Originally posted by G21forME
I'm going to need a parts breakdown on that beast, that is one sweet 21!
OK, I'll do my best to remember everything I've done to this pistol in the past 4 years. Now, let's see:
The grip is large, but not too large, so I went to a bicycle shop and purchased a 2' piece of skateboard tape. Then, I took some notebook paper and traced out my own grip overlays. Next, I cut these patterns out with an X-Acto razor knife. My personal experience has been that the areas under your trigger finger and thumb are the most important places to cover.
I tried several different brands of commercial grip covers; but, none stood up to the, ‘test of time’. This skateboard tape is, easily, capable of staying put for as long as two years. My original 2’ piece of (standard width) skateboard tape cost me just over 5 bucks and will, probably, last the decade! So far I’ve made one change and found that you can use the old tape pattern in order to trace out the next new one.
(Be sure to lay the old piece down on a sheet of paper to get rid of the sticky glue. Remember to, ‘reverse’ the pattern, too, before - you start cutting. Otherwise, your new cutouts will have the sticky side facing the wrong way!)
The butt has a Jentra grip plug installed; and I do think it keeps the action cleaner. I’ve been able to give the frame a good shot of solvent, shake it all around and, then, invert the frame and pour it out in order to quickly wash the action. I like the profile of the Jentra plug, too; it makes for a nicer looking weapon.
The next change was to throw out the factory plastic guide rod. On WalterGA’s advice I bought a Wolff, non-captured, all-steel guide rod. (Complete with 17# Wolff recoil spring and a 5.5# firing pin spring.) This worked so well, that I decided to get rid of the too soft and spongy factory magazine springs. I went with +5% Wolff magazine springs: They’re thinner, harder, and a lot more, ‘springy’. On the 10 round magazines I, also, found that the thinner diameter Wolff magazine springs allowed me to stuff in that (formerly) difficult 10th round without a problem.
The final spring changes I made were to the firing pin and trigger. First, I took out the factory 5.5# FP spring and installed the Wolff, ‘extra power’ 6# FP spring. Then I removed the factory 5# trigger return spring and installed a heavier 6# Wolff trigger spring. Of course these spring changes required me to have to polish the action in order to bring the trigger pull weight down from a resulting high of 5.6#’s.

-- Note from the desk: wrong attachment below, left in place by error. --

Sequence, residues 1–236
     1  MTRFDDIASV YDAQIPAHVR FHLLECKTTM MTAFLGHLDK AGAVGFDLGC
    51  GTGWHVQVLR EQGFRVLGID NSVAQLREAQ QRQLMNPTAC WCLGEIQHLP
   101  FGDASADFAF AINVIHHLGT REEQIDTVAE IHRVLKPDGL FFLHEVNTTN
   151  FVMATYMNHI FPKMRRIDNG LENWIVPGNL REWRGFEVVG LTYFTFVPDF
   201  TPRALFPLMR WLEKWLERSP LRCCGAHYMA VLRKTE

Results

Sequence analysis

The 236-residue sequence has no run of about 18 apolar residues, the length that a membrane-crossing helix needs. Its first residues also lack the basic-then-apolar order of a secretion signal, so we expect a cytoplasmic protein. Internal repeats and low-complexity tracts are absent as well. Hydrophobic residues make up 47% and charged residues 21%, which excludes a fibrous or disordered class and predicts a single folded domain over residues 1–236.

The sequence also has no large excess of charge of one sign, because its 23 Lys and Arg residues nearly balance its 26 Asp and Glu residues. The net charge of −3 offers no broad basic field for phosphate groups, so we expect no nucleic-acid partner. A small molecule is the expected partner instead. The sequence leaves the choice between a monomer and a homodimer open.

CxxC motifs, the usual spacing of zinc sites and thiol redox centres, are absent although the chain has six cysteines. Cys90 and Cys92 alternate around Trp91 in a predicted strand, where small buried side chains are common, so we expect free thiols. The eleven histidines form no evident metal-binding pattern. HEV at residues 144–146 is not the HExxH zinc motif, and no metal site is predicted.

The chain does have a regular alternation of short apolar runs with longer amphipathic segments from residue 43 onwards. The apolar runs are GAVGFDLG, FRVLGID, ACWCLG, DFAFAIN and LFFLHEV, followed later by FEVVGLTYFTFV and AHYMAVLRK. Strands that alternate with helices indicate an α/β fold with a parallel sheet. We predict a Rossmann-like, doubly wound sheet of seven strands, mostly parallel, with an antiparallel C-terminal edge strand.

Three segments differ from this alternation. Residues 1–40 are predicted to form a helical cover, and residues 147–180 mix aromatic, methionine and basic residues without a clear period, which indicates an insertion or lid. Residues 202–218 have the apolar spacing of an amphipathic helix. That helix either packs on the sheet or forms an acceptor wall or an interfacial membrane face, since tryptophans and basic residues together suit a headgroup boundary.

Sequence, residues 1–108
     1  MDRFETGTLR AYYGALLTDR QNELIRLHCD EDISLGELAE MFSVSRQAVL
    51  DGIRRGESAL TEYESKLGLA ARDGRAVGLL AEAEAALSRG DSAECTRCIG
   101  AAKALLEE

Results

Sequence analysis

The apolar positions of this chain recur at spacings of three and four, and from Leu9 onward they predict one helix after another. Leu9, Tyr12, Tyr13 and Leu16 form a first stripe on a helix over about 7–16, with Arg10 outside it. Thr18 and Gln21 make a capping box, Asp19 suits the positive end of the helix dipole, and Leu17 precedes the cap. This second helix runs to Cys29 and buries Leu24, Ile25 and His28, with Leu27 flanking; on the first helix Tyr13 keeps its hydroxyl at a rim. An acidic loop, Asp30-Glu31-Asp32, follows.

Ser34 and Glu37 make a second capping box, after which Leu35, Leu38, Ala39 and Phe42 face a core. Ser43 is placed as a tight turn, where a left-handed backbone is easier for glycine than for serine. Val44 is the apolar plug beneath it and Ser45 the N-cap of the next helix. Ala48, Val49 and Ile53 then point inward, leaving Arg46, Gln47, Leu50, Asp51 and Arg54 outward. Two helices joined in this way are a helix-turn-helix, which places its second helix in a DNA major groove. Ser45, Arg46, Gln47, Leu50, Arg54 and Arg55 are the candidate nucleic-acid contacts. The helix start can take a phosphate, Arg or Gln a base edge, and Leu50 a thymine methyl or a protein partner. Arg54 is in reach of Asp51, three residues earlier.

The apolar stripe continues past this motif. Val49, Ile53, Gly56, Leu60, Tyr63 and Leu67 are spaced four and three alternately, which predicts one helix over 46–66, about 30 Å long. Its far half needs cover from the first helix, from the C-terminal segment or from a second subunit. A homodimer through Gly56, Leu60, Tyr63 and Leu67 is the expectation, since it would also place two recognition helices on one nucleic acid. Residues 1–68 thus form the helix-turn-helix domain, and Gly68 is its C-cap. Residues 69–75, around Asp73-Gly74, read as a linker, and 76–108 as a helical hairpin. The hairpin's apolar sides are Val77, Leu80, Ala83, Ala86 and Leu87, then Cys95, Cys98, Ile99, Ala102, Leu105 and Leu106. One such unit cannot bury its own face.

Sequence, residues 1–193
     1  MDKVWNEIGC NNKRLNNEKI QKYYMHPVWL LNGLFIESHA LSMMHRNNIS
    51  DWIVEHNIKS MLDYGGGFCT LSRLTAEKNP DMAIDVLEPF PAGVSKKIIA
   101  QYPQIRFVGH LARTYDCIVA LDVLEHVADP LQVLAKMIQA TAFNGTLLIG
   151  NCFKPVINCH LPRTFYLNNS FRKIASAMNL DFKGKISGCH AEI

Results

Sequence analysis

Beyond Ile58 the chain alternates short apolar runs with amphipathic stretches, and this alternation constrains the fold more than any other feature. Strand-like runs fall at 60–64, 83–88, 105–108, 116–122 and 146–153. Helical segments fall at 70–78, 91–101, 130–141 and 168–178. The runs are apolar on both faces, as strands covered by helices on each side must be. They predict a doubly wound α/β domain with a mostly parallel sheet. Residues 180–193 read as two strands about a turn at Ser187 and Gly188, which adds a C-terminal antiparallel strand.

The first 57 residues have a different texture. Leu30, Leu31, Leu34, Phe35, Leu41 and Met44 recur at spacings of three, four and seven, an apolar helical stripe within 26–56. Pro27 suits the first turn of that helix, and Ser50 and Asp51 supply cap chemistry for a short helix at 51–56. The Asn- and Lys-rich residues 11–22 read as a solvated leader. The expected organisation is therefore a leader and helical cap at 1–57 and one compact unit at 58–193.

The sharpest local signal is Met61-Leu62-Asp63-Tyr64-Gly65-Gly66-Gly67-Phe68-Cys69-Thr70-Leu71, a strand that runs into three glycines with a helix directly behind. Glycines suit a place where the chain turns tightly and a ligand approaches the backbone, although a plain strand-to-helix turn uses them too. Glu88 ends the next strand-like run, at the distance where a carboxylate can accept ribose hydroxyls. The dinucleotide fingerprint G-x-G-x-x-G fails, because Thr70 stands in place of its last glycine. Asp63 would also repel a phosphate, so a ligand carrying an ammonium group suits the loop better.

This raised the issue of which connector to use? Let me save you a lot of experimenting: The Glock factory 3.5# connector is excellent; it actually measures in at between 4.5# and 4.8#’s, though. The other connectors I tried were, all, acceptable - but not as smooth and, ‘pressure free’ as the factory connector.
Then, I got lucky! The first Lone Wolf 3.5# connector I installed was smooth, but, ‘heavy’. (You could feel a slight, ‘pressure’ when the trigger was pulled.) I complained to, ‘JR’ at Lone Wolf; and he sent me their brand new LWD, ‘skeletonized’ 3.5# connector. After installing it, all I can say is, ‘Wow!’ What a beautiful, super smooth, connector this new LWD turned out to be! It, also, has the added benefit of a slightly different angle that significantly minimizes the usual, ‘front-end trigger slop’ that all other 3.5# connectors are famous for.
Lone Wolf came across with another innovation that has worked out very well for me; but, it did take some extra effort and tinkering in order to get it to work properly: I purchased their, ‘Glock Ultimate Trigger Stop’. When I, first, installed the, ‘GUTS’ unit it wouldn’t hold it’s adjustment for more than, about, 5 or 6 hundred rounds. I liked it; so I took it out, very carefully reset it, test-fired the pistol, and when I was satisfied with the adjustment, I used, ‘PC-7’ epoxy to fix the setscrew, firmly, in place. I’ve, now, got a Glock Model G-21 with PERMANENT zero (trigger) overtravel and minimal front-end, 'mush'.